Veterans Affairs, Long Beach

Dedication Plaque for Golf Club House and Course

Dedication Plaque for Golf Club House and Course

Cogstone was retained by the Veterans Affairs Long Beach Healthcare System (VALBHS) to review prior architectural survey reports and site records, to record and evaluate historic-age buildings not previously recorded and evaluated, to conduct Section 106 Native American consultation and to develop a Native American Graves Protection and Repatriation Act (NAGPRA) Plan of Action (POA). This work was in support of the Section 106 requirements related to an undertaking that involved 11 proposed projects to be completed in Long Beach, California.

Cogstone recorded and evaluated 13 buildings (Buildings 5, 6, 46, 49, 50, 51, 92, 94, 125, 126, 128, 129, and 136); many of which were built in the 1940s when the campus was used as the Long Bach Naval Hospital.

One such building, Building 94 was an abandoned golf house constructed in 1944 and closed on October 19, 1996. The golf club house and the associated golf course were presented to the Naval Hospital on March 10, 1946 by the Professional Golfers Association (PGA), Southern California Section.

Front of Building 94, Facing West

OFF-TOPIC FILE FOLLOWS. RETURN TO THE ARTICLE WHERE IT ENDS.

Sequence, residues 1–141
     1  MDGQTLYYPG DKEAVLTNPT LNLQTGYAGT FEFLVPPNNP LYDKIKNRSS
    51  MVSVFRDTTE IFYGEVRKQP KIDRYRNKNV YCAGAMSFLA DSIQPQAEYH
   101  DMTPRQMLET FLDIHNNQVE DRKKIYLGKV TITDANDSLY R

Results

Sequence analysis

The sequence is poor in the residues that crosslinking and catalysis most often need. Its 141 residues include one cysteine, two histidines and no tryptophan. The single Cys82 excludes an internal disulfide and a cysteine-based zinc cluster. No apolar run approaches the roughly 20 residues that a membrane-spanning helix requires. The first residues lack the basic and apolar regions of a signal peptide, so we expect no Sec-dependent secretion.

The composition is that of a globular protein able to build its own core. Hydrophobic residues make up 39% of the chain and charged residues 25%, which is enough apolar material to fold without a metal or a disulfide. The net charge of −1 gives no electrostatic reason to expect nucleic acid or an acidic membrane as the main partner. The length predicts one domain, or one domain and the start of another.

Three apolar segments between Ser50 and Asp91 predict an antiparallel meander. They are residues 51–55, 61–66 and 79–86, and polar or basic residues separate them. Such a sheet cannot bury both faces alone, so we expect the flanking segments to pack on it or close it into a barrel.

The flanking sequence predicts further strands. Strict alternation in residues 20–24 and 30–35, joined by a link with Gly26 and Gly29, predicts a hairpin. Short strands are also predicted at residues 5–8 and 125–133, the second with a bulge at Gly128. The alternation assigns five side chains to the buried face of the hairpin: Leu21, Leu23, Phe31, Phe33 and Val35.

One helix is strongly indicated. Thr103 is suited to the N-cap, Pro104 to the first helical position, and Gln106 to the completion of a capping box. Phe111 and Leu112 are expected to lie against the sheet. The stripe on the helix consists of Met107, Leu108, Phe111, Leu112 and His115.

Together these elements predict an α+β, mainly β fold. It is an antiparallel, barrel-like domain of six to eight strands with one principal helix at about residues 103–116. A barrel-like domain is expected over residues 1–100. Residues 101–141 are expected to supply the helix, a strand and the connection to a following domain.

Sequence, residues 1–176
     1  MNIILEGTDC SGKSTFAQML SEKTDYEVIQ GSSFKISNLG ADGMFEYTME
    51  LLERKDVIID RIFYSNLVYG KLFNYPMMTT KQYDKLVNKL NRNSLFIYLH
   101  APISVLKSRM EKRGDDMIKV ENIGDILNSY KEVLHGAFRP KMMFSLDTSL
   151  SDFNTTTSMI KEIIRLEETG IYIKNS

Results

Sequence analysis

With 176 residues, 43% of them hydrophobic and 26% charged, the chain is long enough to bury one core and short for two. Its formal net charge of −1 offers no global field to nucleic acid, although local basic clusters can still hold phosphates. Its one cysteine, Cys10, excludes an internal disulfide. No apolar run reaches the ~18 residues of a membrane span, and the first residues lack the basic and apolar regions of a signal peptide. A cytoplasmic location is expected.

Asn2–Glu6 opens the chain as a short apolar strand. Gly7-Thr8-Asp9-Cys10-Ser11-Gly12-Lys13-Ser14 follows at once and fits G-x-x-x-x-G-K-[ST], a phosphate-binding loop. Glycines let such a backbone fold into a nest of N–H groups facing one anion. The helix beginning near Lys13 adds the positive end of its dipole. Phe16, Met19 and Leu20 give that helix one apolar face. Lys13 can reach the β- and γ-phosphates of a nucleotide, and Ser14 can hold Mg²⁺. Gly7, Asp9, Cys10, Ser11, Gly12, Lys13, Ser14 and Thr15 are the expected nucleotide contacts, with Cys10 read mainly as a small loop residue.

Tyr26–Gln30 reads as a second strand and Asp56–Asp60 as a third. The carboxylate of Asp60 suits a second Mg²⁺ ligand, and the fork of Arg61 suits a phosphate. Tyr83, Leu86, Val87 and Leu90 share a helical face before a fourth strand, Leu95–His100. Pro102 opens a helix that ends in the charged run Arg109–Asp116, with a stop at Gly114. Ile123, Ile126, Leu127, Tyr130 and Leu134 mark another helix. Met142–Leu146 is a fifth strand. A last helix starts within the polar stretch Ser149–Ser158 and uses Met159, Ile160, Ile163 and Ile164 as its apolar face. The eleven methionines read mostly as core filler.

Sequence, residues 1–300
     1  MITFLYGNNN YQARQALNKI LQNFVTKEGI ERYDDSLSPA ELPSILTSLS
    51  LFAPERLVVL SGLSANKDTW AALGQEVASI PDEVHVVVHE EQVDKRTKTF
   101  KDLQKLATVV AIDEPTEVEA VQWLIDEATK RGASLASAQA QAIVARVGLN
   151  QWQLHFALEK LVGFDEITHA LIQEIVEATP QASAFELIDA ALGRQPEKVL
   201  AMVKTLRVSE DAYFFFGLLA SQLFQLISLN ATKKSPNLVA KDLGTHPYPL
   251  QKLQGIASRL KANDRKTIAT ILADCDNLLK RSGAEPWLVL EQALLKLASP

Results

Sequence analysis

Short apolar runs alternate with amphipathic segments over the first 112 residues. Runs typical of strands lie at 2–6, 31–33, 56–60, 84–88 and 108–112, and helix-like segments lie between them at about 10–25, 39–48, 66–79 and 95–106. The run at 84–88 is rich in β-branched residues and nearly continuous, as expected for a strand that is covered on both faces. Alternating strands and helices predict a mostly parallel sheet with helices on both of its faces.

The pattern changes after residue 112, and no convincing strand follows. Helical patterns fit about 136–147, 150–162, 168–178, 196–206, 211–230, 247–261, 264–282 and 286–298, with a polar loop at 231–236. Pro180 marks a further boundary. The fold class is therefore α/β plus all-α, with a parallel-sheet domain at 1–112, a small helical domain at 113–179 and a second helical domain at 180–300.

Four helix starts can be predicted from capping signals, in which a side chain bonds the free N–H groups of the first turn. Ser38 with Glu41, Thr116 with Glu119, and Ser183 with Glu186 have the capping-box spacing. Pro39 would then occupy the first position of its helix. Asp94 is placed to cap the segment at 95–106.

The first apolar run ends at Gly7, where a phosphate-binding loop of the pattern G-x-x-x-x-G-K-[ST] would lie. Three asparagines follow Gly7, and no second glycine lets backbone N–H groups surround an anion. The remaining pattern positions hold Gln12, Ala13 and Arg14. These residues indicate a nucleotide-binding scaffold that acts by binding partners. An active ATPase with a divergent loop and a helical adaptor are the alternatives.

Front of Building 94, Facing West

It is a wood-frame, rectangular building; one-story in height. It is oriented north-south and faces east toward the small golf course greens it used to serve. It has a side-gabled roof, of low pitch, covered in composition shingles, in very poor condition. It has open eaves and a moderate overhang on south, west, and north elevations. The walls are clad in wide, simple drop wood siding, which is also in very poor condition.

It has had little done to it since, except for the addition to the north and the much later addition of a metal bathroom structure north of the north addition. The north addition of wood appears to be a very old addition, probably added in the late 1940s or early 1950s. Building 94 retains its integrity of materials, design, workmanship, and location. Its integrity of setting, feeling, and association has been compromised. Its setting has been impacted by the addition of a large building to the west in the 1980s and by the removal of numerous nearby barracks and other buildings from the 1940s sometime after approximately 1950. Its integrity of feeling has been lost due to the neglected and dilapidated condition of the building. The building still stands on the large green space that once served as a golf course for the campus, but this park-like area is no longer used as a golf course, the building’s primary association and reason for its construction.

Building 94, Facing Southwest

Building 94, Facing Southwest

As far as is known, the building has no known associations with events or persons important in history and does not appear to be eligible for NRHP listing under criteria A or B. Its architecture is that of a simple, wood-frame ranch-style house of the mid-twentieth century, but is not a particularly good, outstanding, or unusual example of this type. It does not, therefore, appear to be eligible for NRHP listing under Criterion C. Building 94 is not recommended as eligible for the NRHP under Criterion D as it has little or no potential to yield additional useful information about its history, construction, or architecture.